Visitors to “Firelei Baez” are first seduced by an encounter with a series of anthropomorphic female figures, never fully identifiable in the way they blend with natural elements through the artist’s process of pouring paint on Yupo paper, transmuting figures into fluid and unfixed forms. In this way, the figures exist between human, animal and mythical beings, turning into revealing symbols of encounters of creatures, stories and spiritualities within the Atlantic Basin. These silhouettes eventually evolved into the more explicit political series “Can I Pass? Introducing the Paper Bag to the Fan Test for the Month of July” a series of thirty-one self-portraits titled after a racist and widespread 20th-century practice that employed a brown paper bag as a skin-tone color test to admit or deny people entry into social functions.

Installation views with some of the works bby Firelei Baez
“Firelei Báez” at the Institute of Contemporary Art in Boston. Photo by Mel Taing 2024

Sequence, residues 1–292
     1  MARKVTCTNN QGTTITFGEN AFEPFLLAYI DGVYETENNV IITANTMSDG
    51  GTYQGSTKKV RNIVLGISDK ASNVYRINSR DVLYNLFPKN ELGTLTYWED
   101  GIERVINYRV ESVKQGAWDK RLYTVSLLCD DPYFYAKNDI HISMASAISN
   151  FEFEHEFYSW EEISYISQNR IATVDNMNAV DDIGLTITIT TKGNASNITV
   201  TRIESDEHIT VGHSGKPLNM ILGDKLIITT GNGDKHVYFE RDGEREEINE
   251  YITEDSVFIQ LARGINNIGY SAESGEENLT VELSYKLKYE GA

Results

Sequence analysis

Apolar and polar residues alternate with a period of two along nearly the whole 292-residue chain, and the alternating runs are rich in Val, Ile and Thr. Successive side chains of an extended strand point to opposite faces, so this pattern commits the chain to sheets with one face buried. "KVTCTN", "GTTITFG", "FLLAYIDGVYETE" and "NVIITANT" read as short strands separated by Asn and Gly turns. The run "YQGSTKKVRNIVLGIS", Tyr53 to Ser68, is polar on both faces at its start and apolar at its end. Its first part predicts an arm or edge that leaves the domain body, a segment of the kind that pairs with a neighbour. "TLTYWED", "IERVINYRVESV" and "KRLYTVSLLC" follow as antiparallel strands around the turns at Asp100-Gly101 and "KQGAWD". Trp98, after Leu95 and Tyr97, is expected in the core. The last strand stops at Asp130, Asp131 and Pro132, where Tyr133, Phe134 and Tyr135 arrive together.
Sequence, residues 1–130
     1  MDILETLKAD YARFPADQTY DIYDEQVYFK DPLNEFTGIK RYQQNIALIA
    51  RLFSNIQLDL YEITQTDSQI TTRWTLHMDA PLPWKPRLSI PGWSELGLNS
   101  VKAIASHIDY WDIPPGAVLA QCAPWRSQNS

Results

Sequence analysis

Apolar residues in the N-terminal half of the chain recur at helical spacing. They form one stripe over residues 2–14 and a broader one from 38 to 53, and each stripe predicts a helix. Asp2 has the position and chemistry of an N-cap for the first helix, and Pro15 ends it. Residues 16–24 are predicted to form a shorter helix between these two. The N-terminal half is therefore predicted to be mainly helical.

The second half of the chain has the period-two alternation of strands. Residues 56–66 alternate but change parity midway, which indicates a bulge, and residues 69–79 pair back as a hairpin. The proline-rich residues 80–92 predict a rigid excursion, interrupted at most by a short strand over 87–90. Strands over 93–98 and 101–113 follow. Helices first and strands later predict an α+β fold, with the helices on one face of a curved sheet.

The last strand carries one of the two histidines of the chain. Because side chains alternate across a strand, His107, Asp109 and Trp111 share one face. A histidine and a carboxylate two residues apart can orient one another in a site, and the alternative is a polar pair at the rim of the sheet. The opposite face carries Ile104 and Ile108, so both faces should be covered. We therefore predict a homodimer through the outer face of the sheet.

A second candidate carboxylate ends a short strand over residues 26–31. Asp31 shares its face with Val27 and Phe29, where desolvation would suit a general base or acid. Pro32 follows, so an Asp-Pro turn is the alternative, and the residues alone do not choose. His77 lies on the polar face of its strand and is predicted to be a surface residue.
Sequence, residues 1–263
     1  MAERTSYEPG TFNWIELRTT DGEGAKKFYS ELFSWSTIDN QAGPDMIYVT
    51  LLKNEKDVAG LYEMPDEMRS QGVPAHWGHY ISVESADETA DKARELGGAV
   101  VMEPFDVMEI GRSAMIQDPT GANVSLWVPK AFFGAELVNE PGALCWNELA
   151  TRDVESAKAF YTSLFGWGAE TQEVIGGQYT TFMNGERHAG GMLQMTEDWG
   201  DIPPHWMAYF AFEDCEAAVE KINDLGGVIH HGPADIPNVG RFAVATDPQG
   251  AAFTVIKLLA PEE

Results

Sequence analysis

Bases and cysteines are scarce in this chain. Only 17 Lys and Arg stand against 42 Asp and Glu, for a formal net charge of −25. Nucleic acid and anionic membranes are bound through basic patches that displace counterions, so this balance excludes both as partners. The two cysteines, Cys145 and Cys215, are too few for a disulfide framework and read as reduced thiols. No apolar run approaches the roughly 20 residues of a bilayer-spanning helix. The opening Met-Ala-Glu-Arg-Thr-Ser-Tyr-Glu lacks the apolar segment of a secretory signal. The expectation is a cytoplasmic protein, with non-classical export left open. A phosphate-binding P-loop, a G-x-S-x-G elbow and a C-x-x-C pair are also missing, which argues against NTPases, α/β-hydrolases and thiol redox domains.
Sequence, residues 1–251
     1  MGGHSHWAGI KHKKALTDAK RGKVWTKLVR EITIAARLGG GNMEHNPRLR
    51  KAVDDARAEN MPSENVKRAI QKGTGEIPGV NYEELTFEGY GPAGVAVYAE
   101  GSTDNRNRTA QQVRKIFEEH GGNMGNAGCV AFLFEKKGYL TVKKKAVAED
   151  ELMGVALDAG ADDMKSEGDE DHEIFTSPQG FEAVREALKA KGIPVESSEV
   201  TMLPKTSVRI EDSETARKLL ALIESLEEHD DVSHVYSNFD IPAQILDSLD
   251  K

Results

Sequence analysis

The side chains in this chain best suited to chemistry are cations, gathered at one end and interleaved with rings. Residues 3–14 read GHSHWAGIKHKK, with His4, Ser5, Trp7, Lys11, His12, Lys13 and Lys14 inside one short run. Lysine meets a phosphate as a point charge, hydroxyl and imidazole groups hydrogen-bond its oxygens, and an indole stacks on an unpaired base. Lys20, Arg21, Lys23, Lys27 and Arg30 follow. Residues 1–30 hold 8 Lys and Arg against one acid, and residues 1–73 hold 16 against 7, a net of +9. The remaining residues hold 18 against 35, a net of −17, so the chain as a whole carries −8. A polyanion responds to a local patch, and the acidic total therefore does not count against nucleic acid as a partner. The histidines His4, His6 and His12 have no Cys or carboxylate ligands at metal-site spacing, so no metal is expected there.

Applying this same strategy of disguise and camouflage, Baez also addresses other colonial impositions aiming at dematerializing and historicizing bodies. An example is a work from her “Tignon” series: here, the artist portrays a female figure fully wrapped inside an elegantly decorated white and blue tignon to refer to the response of the Creole women who wore tignons made from luxurious fabrics ornamented with jewels, ribbons and feathers to resist the racist and classist regulations of the so-called tignon law of 1786, enacted by the Governor Esteban Rodríguez Miró during the Spanish colonial rule of New Orleans (1763-1803), requiring Creole women of African descent to cover their hair with knotted headscarves.